Deceased November 16, 2012
Henry deForest “Harry” Webster, a retired neuroscientist and my father, died in Cockeysville, Md., on Nov. 16, 2012.
Born in New York City on April 22, 1927, Harry finished Scarsdale (N.Y.) High School and enrolled at Amherst in early 1944. He enlisted in the navy in 1945. Returning to Amherst in 1946, Harry joined the glee club and the ski team. He was inducted into Phi Beta Kappa and graduated in 1948.
Harry received a Plimpton Fellowship from Amherst and attended Harvard Medical School, graduating in 1952. After teaching at Harvard and the University of Miami medical schools and doing research in neurology at affiliated hospitals, Harry became chief of the section on cellular neuropathology at the National Institutes of Health in 1969. He was appointed chief of the laboratory of experimental neuropathology in 1984. In 1997 he became a scientist emeritus.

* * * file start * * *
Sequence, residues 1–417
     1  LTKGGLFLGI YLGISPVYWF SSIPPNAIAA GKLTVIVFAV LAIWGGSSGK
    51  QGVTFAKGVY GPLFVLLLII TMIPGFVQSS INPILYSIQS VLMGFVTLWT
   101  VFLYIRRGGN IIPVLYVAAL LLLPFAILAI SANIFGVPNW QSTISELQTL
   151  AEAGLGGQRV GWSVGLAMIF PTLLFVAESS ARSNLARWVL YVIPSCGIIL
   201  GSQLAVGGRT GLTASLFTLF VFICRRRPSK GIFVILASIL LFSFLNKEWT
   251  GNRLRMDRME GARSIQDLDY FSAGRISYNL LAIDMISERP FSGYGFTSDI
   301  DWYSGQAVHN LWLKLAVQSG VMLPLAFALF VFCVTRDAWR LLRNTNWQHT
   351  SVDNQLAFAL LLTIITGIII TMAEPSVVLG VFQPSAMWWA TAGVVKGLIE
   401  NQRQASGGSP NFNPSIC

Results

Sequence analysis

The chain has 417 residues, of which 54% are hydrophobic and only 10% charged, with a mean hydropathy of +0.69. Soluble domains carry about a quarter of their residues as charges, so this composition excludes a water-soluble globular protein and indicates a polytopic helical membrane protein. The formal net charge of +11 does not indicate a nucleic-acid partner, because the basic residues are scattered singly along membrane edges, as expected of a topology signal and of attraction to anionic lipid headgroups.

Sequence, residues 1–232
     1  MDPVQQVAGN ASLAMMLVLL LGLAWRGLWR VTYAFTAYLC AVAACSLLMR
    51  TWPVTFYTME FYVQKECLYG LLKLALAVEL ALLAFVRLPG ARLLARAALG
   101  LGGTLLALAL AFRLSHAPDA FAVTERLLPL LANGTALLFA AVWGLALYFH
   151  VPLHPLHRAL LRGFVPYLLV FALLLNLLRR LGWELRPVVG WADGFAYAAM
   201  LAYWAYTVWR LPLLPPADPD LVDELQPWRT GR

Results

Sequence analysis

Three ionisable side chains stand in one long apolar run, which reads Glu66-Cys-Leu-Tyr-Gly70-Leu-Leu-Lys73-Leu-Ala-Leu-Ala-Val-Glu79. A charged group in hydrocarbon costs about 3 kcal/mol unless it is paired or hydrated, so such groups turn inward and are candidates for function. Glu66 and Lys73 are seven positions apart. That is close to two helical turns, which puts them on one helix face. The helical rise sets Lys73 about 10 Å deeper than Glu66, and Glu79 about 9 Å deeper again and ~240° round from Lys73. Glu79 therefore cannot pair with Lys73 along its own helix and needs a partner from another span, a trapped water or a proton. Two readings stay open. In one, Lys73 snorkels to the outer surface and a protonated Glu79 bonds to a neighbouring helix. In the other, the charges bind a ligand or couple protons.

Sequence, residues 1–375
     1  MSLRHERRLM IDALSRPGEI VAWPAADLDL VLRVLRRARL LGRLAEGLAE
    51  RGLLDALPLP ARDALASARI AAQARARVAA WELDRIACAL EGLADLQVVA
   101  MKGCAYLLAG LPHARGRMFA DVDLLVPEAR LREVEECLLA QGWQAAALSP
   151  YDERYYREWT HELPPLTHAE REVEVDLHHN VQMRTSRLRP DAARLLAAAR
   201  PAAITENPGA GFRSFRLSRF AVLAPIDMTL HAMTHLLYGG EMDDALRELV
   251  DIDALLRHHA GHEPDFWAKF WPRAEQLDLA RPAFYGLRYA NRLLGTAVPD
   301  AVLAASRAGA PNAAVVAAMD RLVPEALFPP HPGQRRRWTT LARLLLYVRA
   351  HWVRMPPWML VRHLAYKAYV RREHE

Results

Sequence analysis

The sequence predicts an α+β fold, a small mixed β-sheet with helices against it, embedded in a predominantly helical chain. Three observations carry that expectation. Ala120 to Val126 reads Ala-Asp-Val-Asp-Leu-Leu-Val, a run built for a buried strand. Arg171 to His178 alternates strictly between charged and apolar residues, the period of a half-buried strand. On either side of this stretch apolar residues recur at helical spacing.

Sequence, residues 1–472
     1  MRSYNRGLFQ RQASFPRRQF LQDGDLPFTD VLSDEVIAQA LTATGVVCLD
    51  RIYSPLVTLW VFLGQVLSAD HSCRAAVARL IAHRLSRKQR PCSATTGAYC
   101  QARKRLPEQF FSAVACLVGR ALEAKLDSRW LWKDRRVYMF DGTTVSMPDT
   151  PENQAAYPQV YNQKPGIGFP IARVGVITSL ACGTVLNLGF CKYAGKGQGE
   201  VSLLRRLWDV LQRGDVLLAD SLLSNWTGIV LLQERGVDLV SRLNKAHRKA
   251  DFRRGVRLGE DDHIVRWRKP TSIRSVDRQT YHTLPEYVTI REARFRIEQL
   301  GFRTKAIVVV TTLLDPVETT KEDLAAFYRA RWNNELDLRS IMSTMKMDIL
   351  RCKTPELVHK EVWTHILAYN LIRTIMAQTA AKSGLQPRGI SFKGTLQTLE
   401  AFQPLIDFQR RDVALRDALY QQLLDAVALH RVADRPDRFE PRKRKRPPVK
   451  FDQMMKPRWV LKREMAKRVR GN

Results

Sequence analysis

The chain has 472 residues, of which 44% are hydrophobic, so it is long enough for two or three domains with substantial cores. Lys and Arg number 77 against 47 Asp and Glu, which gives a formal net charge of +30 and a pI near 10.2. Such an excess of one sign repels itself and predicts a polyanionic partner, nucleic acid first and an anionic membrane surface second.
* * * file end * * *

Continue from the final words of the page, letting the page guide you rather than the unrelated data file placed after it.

The nervous system and how its malfunctioning causes various diseases was Harry’s area of research. His work advanced knowledge of the causes and spread of multiple sclerosis and the development of potential means of treating it. He was also a pioneer in developing and using electron microscopic methods to study normal and diseased cells of the nervous system.
Harry authored or co-authored many articles and several books, including three editions of the Fine Structure of the Nervous System, a reference work in the field. He received numerous awards and honors, including the U.S. Public Health Service’s Superior Service Award in 1977, the Alexander von Humboldt Foundation’s Senior U.S. Scientist Award to do research in Germany and the American Association of Neuropathologists’ Meritorious Contributions to Neuropathology Award in 2001.
Harry was devoted to Amherst and contributed his time and insights to its neuroscience program. In December 2011, he donated the William Blake painting The Raising of Jairus’s Daughter to the Mead Art Museum.
Harry’s wife of more than 60 years, Marion, died in February 2012. Their survivors include five children and six grandchildren.
Christopher W. Webster ’75